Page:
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The Saudi-led military campaign, launched in March 2015, to bring the Iranian-backed Houthi rebels to their knees has so far failed.
The Houthis are no closer to winning either. At the time of writing, they were still in control of the capital Sanaa and several areas around it, despite air raids that have destroyed their ammunition depots and bases.
This stalemate, which is not expected to be resolved any time soon, has devastated the country. The United Nations (UN) estimates that at least 10,000 people have been killed, 3 million have been displaced and nearly 19 million are in need of humanitarian aid.
The latest catastrophe to hit the country is a cholera outbreak. Almost 167,000 cases have been reported since the outbreak began in April 2017 and 1,146 people have died, according to the World Health Organization.
Cholera is a bacterial disease spread by contaminated water. If not treated, it can kill within hours. The ongoing war has contributed to the current outbreak, according to the UN, but cholera is not new to Yemen.
Yemen’s water has never been clean, and sanitation and overcrowding have long been problematic, particularly in poor urban areas. The collapse of essential services such as trash collection and fluid and solid waste management has created the ideal breeding ground for the disease.
Add a rising number of malnourished people, and it is hardly surprising that the disease has reached epidemic proportions. Dr Luay Shabaneh, regional director of the United Nations Population Fund, which works with pregnant women and new-born babies, told Fanack, “1.1 million pregnant malnourished women are more likely to contract cholera, develop complications and risk death.”
Ironically, cholera is not a difficult disease to treat. Rehydration with oral rehydration salts or an intravenous solution and, in severe cases, antibiotics offers a good chance of survival. However, this requires medicines and a functioning health system. The availability of the former is impeded by a coalition-imposed blockade of Yemen’s sea, land and airports; the latter has collapsed.
The facilities that are running may even contribute to the problem, as patients are likely passing the disease between each other. These facilities are based almost exclusively in the main cities. Patients in rural or isolated areas have minimal access to medical care and aid workers are often prevented from reaching them by warring factions who control the roads.
In an attempt to halt the epidemic, UNICEF, the UN’s children’s agency, recently took the unusual step of paying Yemen’s medical workers, who have not received salaries for months. UNICEF’s regional director, Geert Cappelaere, said in an interview with the New York Times that Yemen’s health workers are crucial to the effort to combat cholera and that they should not be expected to work for free.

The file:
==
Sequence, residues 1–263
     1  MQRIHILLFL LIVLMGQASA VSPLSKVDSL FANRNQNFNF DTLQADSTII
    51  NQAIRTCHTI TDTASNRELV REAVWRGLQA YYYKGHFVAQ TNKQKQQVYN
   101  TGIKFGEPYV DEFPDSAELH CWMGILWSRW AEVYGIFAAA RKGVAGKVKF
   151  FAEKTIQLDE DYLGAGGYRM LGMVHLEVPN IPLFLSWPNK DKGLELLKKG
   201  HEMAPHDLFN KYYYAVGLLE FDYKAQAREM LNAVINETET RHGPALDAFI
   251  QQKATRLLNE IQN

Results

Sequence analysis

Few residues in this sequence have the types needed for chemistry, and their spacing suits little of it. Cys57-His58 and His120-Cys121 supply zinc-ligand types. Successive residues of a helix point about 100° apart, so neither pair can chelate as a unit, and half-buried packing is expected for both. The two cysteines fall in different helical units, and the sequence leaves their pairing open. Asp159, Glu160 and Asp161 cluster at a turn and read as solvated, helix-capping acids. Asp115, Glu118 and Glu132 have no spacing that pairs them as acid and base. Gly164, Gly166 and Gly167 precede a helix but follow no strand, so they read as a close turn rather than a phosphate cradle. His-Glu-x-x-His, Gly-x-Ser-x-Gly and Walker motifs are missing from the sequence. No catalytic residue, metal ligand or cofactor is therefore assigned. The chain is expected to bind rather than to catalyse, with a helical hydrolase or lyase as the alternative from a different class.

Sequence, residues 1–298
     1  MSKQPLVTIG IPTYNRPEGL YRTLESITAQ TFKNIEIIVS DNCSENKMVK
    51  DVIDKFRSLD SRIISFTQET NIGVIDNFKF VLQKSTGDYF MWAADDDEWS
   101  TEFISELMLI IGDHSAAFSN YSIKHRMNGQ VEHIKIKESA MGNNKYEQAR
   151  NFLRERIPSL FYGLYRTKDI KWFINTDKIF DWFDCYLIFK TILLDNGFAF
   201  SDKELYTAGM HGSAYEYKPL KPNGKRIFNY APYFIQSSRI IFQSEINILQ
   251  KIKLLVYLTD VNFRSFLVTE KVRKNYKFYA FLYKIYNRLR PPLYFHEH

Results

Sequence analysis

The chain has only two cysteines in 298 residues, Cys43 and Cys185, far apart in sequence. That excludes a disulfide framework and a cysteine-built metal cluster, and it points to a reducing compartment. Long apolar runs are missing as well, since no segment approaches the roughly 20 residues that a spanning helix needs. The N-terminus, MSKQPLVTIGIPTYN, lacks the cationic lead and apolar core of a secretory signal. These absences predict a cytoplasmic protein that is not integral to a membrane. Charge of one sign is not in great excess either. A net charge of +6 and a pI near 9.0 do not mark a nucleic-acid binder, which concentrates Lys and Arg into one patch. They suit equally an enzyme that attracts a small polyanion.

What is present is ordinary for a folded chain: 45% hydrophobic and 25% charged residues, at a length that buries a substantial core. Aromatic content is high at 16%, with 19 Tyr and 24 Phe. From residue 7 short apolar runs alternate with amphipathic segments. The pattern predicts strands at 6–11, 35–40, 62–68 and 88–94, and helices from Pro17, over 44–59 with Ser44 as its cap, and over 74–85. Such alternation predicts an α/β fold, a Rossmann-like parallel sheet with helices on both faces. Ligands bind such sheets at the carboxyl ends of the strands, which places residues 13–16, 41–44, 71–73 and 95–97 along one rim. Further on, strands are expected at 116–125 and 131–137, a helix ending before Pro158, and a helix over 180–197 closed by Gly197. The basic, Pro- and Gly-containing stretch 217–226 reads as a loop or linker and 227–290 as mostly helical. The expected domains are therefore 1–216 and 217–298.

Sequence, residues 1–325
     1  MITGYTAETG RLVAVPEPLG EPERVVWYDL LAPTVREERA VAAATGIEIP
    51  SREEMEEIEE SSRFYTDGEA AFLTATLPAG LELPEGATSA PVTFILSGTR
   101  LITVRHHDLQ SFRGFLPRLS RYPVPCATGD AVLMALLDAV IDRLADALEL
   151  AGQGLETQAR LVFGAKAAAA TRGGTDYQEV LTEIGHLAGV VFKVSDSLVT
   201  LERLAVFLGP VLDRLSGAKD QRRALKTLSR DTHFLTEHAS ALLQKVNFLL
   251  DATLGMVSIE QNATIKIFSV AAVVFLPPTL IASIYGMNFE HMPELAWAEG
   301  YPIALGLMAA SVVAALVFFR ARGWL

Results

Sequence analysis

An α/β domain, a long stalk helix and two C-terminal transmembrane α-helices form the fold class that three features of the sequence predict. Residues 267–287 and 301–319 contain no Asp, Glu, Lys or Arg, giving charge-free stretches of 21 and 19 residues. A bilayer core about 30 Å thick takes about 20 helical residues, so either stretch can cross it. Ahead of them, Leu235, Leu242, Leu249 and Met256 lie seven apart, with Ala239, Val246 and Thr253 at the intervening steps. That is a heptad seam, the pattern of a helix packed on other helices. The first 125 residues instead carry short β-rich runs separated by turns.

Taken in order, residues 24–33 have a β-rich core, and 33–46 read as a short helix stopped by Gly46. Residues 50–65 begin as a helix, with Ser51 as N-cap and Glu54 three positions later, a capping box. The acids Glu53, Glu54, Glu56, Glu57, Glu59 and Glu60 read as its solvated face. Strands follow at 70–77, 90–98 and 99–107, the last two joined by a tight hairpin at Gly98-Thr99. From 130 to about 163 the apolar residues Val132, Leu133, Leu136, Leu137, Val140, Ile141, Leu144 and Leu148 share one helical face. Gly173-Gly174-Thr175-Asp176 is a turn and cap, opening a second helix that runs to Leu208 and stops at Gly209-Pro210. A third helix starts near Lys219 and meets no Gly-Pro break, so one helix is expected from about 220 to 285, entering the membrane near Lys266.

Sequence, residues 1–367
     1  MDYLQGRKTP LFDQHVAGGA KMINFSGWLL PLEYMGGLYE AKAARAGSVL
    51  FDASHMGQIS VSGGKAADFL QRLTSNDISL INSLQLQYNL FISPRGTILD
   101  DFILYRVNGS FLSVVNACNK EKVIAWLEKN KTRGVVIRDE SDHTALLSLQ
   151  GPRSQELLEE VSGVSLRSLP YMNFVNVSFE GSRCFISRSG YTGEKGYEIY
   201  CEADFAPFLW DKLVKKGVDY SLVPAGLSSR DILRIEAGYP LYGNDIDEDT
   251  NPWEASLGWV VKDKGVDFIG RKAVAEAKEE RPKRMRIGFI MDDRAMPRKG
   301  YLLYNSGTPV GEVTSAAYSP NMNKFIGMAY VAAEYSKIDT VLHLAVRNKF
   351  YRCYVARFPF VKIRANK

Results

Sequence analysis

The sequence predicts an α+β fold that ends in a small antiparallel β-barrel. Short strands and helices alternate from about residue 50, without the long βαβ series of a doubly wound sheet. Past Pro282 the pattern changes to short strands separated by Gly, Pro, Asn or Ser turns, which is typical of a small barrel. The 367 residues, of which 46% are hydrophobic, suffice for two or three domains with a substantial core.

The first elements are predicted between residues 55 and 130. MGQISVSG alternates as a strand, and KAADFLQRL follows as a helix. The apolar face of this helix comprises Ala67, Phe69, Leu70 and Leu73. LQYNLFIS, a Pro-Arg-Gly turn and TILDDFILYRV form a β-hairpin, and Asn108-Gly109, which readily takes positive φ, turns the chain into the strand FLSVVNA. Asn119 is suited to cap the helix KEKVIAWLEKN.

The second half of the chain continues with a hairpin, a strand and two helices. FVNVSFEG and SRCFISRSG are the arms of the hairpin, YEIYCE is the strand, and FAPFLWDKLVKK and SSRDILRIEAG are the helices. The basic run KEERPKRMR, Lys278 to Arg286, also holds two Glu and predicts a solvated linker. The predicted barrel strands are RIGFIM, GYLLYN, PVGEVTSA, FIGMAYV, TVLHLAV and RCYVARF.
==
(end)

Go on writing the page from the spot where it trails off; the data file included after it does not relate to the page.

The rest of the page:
Instructions for making a simple rehydration solution with honey or sugar, salt and water have also been circulated on social media for those who have to rely on self-treatment.
Yet it is doubtful whether the poorest citizens can afford even that, assuming they are aware of the instructions. “In situations where a conflict hits a country whose infrastructure is already precarious, even basic measures become a luxury,” said Dr Shabaneh.
Another problem, as endemic to Yemen as unsafe water and at least as difficult to uproot, is corruption. A resident of Sanaa, who lives in one of the city’s poor, rubbish-strewn neighbourhoods, explained to Fanack how. “The Houthis buy the medicines, which are given by organizations like UNICEF, from the hospitals and then sell them to pharmacies outside the hospitals.”
These pharmacies sell them on to customers. “They are supposed to be free. And even though they are not sold for a very high price, most of the people have become very poor and cannot afford them, even if they are cheap.”
Hence, although ‘the largest stock ever of a cholera vaccine’ is due to arrive in Yemen in early July 2017, it is by no means certain that the drugs will end up where they are needed most.
Who is to blame for the outbreak? The Saudis and Houthis blame each other.
The question seems moot as the death toll mounts. But if one party blames the other, little cooperation can be expected and vaccination campaigns may cause new tensions about who gets the drugs and where.
With summer temperatures and humidity on the rise, especially in the lower regions of Tihama and the south coast, and the rainy season starting in the northern highlands, the outbreak is likely to become even harder to contain.
That brings other problems with it. People will do almost anything to find the money to buy medication. Taking children out of school and marrying off very young daughters are just some examples.